The scope of the inquiry has to be very wide. I utterly endorse what the right hon. Member for Bournemouth East said about the recent Budget. It was a tax and spend Budget—one with extra money. The 1.4% cut in defence spending over the next four years is deeply worrying. Several times I have expressed my concern at the cut in the size of the British Army. Perhaps the cut has ramifications for the other services as well—I know not. One thing I would like to see from the inquiry is an investigation into what assessment, prior or immediately prior to the intervention in 2001, was made of the military’s capability to intervene and maintain our defences at the level required. The hon. Member for North Wiltshire (James Gray) and I have mentioned that point several times. There are states out there, for example China, that are not there for the good of the United Kingdom. What assessment was made into whether we could do that?

Whatever the rights and wrongs of what was done—the inquiry will bring that out—where does it leave our standing as a military power, which I have just touched on with regard to the defence cuts, and as a soft power in the world? We are incredibly lucky that English is one of the great languages of the world. That, via our media—the BBC and so much else—gives us soft power that we can use. On a lighter note, it is astonishing how many people around the world watch “The Crown” of all things, but that demonstrates what we can do as a country. We lose that soft power at our very, very great peril.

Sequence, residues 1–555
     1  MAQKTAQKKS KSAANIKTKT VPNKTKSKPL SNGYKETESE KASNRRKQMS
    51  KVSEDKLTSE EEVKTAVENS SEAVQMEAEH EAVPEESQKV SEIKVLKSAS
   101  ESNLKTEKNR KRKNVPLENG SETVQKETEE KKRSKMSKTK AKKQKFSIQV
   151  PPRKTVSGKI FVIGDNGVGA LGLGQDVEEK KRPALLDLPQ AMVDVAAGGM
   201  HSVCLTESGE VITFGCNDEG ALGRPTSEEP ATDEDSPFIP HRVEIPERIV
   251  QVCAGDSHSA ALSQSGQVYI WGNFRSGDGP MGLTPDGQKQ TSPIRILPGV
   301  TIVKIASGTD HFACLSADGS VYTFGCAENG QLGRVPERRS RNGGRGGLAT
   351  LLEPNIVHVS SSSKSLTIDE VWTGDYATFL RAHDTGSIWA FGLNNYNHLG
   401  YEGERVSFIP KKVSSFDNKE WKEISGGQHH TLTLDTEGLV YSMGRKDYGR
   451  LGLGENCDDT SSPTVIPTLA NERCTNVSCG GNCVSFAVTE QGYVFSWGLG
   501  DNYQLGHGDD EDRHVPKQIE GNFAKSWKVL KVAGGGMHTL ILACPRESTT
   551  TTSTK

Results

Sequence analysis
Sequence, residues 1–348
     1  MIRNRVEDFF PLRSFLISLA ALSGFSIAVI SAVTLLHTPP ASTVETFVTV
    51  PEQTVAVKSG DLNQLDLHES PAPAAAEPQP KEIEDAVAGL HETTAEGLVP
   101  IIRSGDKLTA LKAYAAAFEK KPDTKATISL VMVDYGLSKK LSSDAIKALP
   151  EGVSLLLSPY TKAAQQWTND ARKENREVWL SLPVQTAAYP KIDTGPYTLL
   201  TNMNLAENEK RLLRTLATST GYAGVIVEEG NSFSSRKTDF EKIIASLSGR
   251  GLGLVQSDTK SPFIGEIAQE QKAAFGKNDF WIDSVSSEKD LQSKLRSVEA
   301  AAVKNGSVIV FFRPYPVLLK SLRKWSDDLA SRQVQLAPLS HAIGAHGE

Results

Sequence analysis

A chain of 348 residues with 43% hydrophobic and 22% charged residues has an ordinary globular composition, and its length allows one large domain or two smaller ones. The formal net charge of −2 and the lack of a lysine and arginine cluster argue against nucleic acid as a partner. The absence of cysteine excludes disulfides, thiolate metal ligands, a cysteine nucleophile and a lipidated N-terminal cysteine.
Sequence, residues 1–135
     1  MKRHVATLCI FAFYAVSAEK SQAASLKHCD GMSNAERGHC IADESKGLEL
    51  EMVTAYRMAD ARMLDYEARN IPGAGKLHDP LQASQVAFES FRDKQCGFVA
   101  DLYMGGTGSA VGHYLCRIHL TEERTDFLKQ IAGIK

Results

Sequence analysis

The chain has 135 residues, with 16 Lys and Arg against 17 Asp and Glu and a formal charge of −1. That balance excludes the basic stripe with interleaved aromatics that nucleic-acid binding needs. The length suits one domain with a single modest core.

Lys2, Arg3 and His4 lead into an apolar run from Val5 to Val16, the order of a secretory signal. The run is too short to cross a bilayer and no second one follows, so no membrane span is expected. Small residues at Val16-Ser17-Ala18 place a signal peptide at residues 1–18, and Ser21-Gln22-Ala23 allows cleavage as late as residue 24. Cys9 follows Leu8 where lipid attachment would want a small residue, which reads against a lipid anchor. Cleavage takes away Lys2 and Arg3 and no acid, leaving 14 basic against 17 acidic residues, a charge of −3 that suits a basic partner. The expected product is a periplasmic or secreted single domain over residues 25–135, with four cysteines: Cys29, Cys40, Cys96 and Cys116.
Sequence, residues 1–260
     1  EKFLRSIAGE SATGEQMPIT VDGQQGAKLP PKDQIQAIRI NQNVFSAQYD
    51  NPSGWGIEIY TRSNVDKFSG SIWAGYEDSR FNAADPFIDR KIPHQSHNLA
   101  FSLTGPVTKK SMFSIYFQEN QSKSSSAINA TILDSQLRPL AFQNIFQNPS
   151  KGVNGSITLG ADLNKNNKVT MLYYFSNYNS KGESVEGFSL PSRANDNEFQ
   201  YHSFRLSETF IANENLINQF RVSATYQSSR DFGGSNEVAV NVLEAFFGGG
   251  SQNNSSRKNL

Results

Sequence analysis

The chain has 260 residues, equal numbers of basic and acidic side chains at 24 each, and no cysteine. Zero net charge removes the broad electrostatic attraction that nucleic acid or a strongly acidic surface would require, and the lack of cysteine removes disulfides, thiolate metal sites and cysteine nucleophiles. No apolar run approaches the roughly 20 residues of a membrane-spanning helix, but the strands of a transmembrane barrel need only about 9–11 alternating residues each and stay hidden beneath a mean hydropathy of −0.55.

The Government’s decisions, as the right hon. Member for Bournemouth East said, were too hasty. Yes, they were brought about in part by an American President and the candidate to succeed him, but things could have been done so much better and they were not. What does that leave, in terms of what is happening in Afghanistan? I shall rest that point there.

I want to end with an anecdote I always remember. As you know, Madam Deputy Speaker, I was a Member of another place. I do not mean the other place next door to here—that day will never happen—but that I was a Member of the Scottish Parliament. In 2009, the NATO conference took place in Edinburgh. In previous years, I had got to know the then Russian consul general in Edinburgh, Vladimir Malygin. One day his office called me to say, “The NATO conference is on. We have two serving Russian major generals in civvies who are observers at the conference and they would like to look around the Scottish Parliament. Could you organise it? Could you make it happen?” So we showed the two Russian generals, plus an interpreter, around the Scottish Parliament. The generals were taciturn individuals, but when we had finished the tour, I said, “Would you like a glass of whisky?” and they cheered up greatly at that prospect. What I will never forget is that while they were enjoying a drop of Scotland’s finest, they suddenly said to me, “What on earth are you doing in Afghanistan?” This was in 2009, eight years after we went in. One of them said, “I lost three of my best friends there. One was horribly mutilated.” That question—what were we doing there—has always stayed with me.

There is a space for the United Kingdom to do good in the world, provided we work out why we are doing it and, as the right hon. Member said, what our aim is. People in the armed forces I talk to say, “Identify your aim and be sure of it”. I will leave my comments there.

I congratulate the right hon. Member for Bournemouth East (Mr Ellwood), the Chair of the Defence Committee, on securing the debate, and commend him for the leadership he has shown in the weeks and months since the withdrawal was undertaken.